Many people think that craft is a matter of executing a preconceived form or idea, something that already exists in the mind or on paper. Yet making is also an active way of thinking, something which can be carried out with no particular goal in mind. In fact, this is a situation where innovation is very likely to occur.
The Power of Making exhibition at the V &A Museum is a very inspiring way to spend a couple of hours.
Exhibits that piqued my interest included these:
The Ghanaian lion coffin: a product of the well-known Kane Kwei carpentry workshop in the country, these brightly painted objects reflect a person’s talents and aspirations. The lion coffin was obviously made for a hunter, but I took note of the description next to the piece: “as the workshop’s traditional imagery increasingly merges with pop culture, you can also be buried in a car, a cigar, a Coca-Cola bottle or an Air Jordan shoe”!!
Shokuhin sanpuru replica food: Recently during a visit to Pisa, Italy, I saw real food samples on a table outside a restaurant that at the time struck me as quite pointless because they certainly did not look appetizing at all. Shokuhin sanpuru is the Japanese answer to this problem: they are plastic food samples that achieve that ‘real’ look by mould-casting food, or, as the exhibit’s description said, for softer items, they use sculpted clay models.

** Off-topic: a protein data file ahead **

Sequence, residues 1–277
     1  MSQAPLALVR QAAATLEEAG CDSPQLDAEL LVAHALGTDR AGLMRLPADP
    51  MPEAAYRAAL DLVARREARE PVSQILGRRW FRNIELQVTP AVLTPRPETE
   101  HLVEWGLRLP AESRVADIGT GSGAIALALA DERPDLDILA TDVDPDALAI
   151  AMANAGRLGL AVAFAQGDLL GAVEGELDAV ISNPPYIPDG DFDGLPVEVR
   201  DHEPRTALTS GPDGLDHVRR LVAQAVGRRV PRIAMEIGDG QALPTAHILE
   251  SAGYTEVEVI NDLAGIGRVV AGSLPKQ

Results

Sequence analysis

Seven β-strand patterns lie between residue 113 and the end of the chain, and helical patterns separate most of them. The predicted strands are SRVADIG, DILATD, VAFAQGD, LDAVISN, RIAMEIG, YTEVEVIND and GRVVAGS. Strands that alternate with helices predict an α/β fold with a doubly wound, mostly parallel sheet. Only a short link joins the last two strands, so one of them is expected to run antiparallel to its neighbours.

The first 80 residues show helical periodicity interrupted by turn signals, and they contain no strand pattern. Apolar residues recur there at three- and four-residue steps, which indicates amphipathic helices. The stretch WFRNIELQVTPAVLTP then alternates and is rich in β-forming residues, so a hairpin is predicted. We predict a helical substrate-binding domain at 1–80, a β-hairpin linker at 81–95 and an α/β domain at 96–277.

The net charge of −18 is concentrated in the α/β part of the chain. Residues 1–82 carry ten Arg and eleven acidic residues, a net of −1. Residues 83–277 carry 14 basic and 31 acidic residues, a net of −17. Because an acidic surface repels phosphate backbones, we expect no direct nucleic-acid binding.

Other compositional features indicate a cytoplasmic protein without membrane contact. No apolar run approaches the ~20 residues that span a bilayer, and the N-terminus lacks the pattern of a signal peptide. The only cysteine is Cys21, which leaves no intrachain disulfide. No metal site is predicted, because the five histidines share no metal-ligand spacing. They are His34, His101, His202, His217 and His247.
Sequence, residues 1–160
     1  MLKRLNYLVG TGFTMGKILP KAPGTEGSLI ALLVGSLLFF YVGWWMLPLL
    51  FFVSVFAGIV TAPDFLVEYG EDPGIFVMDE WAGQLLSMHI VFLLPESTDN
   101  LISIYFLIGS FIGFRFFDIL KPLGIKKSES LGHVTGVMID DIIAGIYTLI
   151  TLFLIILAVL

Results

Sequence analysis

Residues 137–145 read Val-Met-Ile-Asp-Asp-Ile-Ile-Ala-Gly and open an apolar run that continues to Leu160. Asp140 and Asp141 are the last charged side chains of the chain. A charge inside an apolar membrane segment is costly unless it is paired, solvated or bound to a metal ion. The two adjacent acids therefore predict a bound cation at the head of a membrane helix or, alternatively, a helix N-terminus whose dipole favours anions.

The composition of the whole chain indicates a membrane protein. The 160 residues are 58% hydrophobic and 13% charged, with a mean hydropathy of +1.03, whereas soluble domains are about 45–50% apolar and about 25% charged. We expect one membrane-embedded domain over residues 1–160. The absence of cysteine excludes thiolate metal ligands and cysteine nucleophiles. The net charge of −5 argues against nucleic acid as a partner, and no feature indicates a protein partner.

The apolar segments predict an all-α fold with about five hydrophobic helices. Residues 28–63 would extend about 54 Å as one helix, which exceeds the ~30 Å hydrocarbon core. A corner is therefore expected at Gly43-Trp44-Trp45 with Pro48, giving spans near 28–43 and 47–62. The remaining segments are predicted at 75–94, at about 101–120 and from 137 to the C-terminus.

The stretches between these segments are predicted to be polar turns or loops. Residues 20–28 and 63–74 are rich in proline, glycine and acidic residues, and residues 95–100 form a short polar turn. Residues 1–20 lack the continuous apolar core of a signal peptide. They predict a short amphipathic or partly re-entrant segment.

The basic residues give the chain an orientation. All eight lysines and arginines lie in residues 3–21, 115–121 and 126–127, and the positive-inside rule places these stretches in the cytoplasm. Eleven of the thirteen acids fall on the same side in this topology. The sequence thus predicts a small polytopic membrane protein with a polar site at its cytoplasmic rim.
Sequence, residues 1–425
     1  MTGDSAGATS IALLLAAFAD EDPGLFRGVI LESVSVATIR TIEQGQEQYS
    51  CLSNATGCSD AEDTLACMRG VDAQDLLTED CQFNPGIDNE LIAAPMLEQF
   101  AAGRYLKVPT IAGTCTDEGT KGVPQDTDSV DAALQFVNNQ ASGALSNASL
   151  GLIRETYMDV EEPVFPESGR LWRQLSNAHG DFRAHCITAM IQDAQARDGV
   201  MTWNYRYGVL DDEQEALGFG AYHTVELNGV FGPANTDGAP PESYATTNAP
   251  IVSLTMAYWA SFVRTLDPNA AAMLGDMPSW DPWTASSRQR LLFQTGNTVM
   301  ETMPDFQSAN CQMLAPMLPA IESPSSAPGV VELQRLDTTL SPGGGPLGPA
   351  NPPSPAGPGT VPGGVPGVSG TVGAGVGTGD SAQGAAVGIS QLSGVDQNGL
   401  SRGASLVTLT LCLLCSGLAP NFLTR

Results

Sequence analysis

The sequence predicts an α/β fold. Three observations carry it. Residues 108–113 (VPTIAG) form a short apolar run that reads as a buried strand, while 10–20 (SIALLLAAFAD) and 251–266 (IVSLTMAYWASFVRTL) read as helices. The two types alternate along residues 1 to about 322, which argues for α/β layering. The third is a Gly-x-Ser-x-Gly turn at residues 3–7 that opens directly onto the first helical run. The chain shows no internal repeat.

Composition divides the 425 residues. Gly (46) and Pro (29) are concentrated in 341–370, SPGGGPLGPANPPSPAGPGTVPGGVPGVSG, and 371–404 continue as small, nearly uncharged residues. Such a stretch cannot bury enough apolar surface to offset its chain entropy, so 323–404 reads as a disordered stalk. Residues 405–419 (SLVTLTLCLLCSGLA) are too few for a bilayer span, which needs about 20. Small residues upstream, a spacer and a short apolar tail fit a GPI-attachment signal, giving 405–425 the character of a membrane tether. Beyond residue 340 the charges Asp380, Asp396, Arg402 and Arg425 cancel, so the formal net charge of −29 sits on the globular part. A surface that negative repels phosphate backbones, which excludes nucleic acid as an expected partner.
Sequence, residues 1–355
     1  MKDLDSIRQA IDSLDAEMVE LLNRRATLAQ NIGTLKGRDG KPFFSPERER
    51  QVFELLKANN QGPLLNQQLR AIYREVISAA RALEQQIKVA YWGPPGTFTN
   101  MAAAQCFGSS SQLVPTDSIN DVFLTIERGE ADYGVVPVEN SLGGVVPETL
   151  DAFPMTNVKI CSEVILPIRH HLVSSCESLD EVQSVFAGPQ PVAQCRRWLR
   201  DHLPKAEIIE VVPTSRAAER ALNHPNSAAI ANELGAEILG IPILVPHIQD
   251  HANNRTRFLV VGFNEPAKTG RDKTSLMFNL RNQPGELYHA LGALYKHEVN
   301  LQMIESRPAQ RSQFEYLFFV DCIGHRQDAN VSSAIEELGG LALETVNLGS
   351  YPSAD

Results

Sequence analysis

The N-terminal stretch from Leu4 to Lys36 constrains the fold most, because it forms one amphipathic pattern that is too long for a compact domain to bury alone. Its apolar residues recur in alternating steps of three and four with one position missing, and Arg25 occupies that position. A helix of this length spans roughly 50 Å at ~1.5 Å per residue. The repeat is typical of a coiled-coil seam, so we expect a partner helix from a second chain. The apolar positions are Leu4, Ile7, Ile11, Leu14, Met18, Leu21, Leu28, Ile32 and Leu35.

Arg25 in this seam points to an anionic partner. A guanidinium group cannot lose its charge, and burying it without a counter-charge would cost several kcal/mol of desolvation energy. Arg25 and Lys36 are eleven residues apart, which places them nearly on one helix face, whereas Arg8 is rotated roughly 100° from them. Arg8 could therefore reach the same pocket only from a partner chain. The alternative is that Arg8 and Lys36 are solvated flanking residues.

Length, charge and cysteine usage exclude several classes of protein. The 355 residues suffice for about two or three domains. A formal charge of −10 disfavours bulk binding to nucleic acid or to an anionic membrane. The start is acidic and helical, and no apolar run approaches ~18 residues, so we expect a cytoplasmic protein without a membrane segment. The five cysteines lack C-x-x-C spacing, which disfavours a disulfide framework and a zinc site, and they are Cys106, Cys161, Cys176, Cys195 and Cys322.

Wedgwood coke bottles: Yes, that’s the premium ceramic Wedgwood brand (my mother still preserves her dinner set that she got 35 years ago) and the happiness-touting brand of the masses today, Coca-Cola. I just thought that juxtaposition was really striking. It made me wonder what would happen if a brand partnership like that actually existed. There are plenty of partnerships today, some of which are actually good, but a characteristic of the truly impactful ones is a shared set of values that resonate with an audience that have mutual interests somewhere.
Woolfiller: Simply because it is the solution to a problem that pretty much all of us has at some point or the other – a hole in your favourite sweater of jeans that you just can’t bring yourself to throw away. It also reminded me of Sugru, which was also an exhibit, both being illustrations of the ‘useful’ pillar from the ‘useful-educational-entertaining-connecting’ brand principles.
There was a very engaging 5-minute video playing as well, which you can see here (all the products in the video were part of the exhibition).
The Power of Making is on till 2nd January 2012.